Unfortunately, my dog training keywords weren’t the best for this example so here’s one for everyone’s second favorite topic…Brexit?

This is our output dataframe, which is currently ordered by the most frequently occurring ‘organisations’ – though this is entirely flexible. It is pulled together thanks largely to the Spacy Python library and a handy function we created that looks through the content we have extracted; finds all the named entities; and labels them accordingly. 

Here is a list of all the various ‘entity types’ that Spacy can find in your content. The script will then count how many times each named entity occurs so it can compile the dataframe you see above.  

Our output dataframe shows each of the entities it has found in a row, then the columns show a count of how many times that entity has been found based on its label.    

If we’re writing or planning content around Brexit, this can give us a clear steer on the entities that Google might see as being associated with that topic, and referencing them in our content could give it an authoritative edge (but please…let’s not go down the route of ‘entity stuffing’).

Workflow 3 – Topical Resonance Analysis

This process  uses machine learning (unsupervised) to help us ascertain how closely certain words are connected to broader topic we’re searching for. 

In other words, we’re attempting to score the topical salience of certain words to help us understand how prominent they should be within the copy we’re creating to target the keyword.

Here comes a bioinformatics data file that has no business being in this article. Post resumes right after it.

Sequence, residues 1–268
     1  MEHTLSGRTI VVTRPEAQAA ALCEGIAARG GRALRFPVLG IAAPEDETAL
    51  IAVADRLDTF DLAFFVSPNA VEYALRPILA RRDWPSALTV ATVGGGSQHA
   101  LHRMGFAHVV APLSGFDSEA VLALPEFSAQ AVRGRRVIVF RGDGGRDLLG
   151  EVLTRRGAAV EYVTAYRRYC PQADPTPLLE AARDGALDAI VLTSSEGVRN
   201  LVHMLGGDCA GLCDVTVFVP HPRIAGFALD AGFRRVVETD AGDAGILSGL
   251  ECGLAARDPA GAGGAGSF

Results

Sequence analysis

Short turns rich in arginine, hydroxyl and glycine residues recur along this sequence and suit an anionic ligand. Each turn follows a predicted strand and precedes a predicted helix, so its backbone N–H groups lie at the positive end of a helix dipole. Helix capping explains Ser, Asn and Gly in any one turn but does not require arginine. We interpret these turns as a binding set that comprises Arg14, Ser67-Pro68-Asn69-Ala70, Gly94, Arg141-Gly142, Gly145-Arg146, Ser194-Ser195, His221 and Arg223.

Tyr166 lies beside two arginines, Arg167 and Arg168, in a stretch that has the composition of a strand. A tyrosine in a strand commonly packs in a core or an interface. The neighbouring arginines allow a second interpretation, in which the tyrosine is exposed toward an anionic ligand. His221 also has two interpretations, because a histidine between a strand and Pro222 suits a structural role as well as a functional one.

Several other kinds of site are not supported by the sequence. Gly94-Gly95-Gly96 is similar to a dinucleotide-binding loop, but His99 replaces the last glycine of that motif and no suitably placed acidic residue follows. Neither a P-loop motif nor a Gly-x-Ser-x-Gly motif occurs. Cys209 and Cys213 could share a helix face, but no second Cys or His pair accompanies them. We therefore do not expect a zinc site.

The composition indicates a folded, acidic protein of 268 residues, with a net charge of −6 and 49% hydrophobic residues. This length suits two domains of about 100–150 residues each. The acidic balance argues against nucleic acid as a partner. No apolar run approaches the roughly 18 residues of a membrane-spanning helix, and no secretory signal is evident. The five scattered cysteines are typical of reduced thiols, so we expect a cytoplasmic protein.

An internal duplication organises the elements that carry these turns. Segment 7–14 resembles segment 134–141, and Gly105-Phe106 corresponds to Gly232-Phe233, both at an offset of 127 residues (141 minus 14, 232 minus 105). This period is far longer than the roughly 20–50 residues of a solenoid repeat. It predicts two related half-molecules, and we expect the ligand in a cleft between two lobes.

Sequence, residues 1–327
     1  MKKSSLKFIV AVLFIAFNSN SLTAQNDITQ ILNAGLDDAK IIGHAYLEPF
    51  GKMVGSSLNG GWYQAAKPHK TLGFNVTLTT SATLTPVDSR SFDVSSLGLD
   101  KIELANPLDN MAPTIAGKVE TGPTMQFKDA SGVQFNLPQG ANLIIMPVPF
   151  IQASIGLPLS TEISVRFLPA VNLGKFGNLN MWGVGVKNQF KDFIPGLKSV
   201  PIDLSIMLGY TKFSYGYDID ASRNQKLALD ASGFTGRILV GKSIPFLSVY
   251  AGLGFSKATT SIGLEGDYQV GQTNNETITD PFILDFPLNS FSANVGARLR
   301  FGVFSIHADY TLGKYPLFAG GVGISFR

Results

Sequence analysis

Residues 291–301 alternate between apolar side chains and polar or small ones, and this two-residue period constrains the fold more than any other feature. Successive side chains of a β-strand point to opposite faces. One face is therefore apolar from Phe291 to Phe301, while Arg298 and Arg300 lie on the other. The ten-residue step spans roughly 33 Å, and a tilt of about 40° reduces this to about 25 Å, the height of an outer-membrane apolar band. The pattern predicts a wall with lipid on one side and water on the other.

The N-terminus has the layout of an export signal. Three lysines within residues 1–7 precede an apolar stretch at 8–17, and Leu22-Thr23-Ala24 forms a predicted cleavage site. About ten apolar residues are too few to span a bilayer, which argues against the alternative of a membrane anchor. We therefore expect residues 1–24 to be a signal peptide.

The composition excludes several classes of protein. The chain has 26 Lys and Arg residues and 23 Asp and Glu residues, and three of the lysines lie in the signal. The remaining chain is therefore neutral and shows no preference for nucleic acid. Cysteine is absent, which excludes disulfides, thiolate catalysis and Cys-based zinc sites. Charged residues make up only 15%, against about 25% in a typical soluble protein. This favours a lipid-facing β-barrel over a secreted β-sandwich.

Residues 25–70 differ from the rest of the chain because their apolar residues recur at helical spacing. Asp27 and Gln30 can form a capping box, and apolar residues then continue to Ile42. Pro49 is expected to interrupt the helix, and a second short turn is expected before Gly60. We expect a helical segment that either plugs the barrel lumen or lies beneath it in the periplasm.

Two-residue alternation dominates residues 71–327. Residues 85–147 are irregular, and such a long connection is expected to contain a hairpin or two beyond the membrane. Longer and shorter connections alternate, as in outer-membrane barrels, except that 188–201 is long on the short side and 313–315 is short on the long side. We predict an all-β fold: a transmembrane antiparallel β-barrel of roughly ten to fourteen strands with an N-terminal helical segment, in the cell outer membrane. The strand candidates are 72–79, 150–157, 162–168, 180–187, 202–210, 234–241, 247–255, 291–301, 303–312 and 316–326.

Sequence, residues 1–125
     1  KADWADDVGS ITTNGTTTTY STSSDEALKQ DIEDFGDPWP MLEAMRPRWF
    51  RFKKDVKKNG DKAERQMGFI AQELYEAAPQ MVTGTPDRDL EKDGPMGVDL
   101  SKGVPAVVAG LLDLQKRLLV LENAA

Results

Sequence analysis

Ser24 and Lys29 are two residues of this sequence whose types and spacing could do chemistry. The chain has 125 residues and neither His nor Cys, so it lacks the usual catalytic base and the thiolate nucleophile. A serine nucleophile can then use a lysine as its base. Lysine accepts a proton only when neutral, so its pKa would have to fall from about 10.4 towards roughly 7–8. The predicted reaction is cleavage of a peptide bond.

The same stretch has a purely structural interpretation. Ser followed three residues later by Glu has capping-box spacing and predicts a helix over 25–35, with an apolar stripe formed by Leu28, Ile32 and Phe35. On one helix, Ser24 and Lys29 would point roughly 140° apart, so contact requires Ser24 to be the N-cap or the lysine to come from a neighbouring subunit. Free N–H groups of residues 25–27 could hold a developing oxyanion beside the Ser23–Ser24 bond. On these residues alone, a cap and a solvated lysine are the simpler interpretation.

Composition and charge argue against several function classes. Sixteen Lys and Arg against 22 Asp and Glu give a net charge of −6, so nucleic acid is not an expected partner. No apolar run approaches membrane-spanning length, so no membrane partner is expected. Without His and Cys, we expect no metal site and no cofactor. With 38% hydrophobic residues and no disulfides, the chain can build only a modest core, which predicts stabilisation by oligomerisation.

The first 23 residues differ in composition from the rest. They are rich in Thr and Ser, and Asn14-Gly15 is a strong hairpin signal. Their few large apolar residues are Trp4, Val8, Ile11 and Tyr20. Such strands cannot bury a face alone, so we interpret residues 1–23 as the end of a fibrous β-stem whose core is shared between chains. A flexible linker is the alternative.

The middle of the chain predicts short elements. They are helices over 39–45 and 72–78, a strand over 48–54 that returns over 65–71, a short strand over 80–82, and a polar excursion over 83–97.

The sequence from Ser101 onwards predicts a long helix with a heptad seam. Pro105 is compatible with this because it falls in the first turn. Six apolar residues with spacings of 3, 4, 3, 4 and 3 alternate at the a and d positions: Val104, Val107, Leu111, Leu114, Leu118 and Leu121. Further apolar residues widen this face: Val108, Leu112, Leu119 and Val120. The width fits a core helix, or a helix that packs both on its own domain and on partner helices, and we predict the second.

This works by utilising two libraries, primarily NLTK and NetworkX. It will analyse compound noun phrases (created by only looking at sentences containing a noun and an adjective, then creating a list of those words) and building a network from nouns and adjectives that occur in the same sentence.

It will then use betweenness_centrality to attempt to identify the most central words within that network (i.e. the most important words).

The output is a dataframe that contains a word and its resonance to the topics we are searching for:

The idea of this research is to help understand how important certain words or topics could be to the keyword we are searching for. 

For example, we can use the output shown above to be confident that if people are searching for information on training their dogs, we should be writing about commands, behavior, treats, and puppies (obviously), as those are some of the most salient terms identified.

Workflow 4 – Page Title N-gram Analysis